Kirsty Capes with six British movies and TV shows to get you in the mood for the General Election…
Despite being a lover of all things available on the big and small screens, Jeremy Paxman and Dimbleby don’t really do it for me as entertaining television. Many of us are sick to the back teeth of watching our glorious PM candidates squirm under the fluorescent lights of the ITV television studios, or questions about the NHS. While it’s quite nice to laugh at the incompetence of our delightful parliamentary hopefuls and imagine moulding their play-dough-esque faces into different kinds of rotting fruit (just me?), there’s plenty of other ways to get excited for #GE2015 without wanting to throttle yourself with your own hair. Take a browse, for example, through a catalogue of fantastic television and film – where no one fluffs their lines and nearly everyone is better looking than David Cameron.
6. Black Mirror
Charlie Brooker’s unsettling satire looks at Britain in the not-so-distant future blighted by commercialism and consumerism. Dealing with new technologies like the internet and the seeping culture of entertainment on demand, Brooker’s dystopian nightmare in Black Mirror doesn’t seem so far-fetched when you look at the modern cut-throat mentality of the media and political landscapes.
5. The Iron Lady (2011)
Whatever your opinion on the late Margaret Thatcher, there’s no denying that Meryl Streep’s depiction of the former Prime Minister at various stages of her life truly lives us to her nickname. The innovation in cinematography in The Iron Lady makes it stand out from other political biopics, and the catalogue of the British acting elite turning out for this film makes it worth the watch. Jim Broadbent as Thatcher’s long suffering husband Dennis is a particular highlight, and adds a certain amount of humanity to the politician which the media never afforded her.
4. 1984 (1984)
Arguably the most iconic adaptation of George Orwell’s modernist critique of twentieth century society, Michael Radford’s film depicts the grey and dreary world of the totalitarian future imagined by a man who wants to preserve history and change the future. Brimming with poignant and fitting dialogue, 1984 offers a glimpse into would could be waiting for us if Big Brother prevails: “If you want a vision of the future, Winston, imagine a boot stamping on a human face forever.”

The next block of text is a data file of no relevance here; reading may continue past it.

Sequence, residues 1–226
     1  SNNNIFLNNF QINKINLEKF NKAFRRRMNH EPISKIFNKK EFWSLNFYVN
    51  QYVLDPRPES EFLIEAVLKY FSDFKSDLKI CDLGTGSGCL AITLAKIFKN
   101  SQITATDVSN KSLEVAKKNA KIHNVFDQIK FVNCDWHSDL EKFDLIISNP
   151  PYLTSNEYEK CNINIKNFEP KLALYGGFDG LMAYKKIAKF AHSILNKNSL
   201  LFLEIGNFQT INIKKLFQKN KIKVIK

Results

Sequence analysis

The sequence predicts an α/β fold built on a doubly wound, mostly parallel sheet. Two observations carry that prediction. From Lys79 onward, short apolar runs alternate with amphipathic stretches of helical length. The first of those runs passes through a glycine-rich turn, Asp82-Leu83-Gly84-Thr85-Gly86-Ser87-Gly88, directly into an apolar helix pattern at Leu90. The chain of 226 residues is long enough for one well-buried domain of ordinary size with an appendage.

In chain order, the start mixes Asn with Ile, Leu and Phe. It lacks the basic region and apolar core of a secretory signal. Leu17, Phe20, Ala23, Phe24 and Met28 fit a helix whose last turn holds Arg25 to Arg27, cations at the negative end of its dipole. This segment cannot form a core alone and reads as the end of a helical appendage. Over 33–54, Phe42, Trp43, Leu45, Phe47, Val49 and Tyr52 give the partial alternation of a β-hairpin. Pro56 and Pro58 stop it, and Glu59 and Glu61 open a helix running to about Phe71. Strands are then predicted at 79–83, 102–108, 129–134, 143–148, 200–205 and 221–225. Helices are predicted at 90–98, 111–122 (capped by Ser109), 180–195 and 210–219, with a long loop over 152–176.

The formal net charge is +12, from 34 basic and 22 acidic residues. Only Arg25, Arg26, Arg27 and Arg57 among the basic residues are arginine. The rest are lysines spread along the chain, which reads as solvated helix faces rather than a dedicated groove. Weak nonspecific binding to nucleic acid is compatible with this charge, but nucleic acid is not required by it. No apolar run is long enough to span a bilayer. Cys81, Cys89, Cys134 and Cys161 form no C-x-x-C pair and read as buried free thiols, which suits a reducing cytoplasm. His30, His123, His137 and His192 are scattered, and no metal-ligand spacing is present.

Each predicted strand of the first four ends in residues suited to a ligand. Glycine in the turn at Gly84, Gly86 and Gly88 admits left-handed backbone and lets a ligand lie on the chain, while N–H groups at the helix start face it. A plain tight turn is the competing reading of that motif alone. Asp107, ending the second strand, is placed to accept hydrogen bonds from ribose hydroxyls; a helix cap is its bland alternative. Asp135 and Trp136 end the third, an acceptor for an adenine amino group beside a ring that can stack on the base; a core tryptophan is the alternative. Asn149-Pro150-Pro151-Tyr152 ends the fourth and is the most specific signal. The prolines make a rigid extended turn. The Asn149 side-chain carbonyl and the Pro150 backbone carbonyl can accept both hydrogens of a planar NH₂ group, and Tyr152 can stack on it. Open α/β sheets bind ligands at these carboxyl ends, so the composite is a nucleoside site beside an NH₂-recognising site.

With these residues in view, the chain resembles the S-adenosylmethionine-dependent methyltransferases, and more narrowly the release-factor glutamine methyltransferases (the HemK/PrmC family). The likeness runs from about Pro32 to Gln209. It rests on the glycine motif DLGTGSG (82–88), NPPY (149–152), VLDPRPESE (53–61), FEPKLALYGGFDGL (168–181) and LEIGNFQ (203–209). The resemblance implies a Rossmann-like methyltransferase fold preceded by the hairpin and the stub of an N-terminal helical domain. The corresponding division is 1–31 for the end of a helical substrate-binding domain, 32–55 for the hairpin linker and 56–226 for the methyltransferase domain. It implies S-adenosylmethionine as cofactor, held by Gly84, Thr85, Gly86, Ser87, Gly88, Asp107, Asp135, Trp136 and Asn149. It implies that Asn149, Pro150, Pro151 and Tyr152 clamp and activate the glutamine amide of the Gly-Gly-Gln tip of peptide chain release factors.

3. The Queen (2006)
I may not be a traditional depiction of British government but The Queen certainly provides an accurate representation of what one might imagine the relationship between the Royals and Government to be. Starring the fantastic Helen Mirren as the lady herself and Michael Sheen as Tony Blair, it’s a wonder that this film even made it with the amount of insinuated accusations it levels at some of the country’s most powerful figureheads.
2. V for Vendetta (2005)
Featuring once already on this list as the oppressed, John Hurt appears in V for Vendetta as the oppressor, a fearsome dictator who will stop up nothing to remain in control; a stark contrast to his role as Winston in 1984. Natalie Portman’s Evey undergoes a political awakening at the hands of the mysterious V, and the pair successfully transform the mindset of the British youth. V for Vendetta has had a very real cultural impact around the world, a testament to the nuanced narrative crafted by the Wachowski Brothers’ formidable screenplay.
1. The Thick of It
There is nothing quite like the razor-sharp dialogue in The Thick of It, an absolutely sublime parody of British politics. Peter Capaldi must be the only Doctor not to have that role as the one that defined his career. Malcolm Tucker ranges from hyperactive sweary person to terrifying dictator and finally to broken man in this shockingly accurate and delightfully dry presentation of the bureaucracy and hypocrisy of government.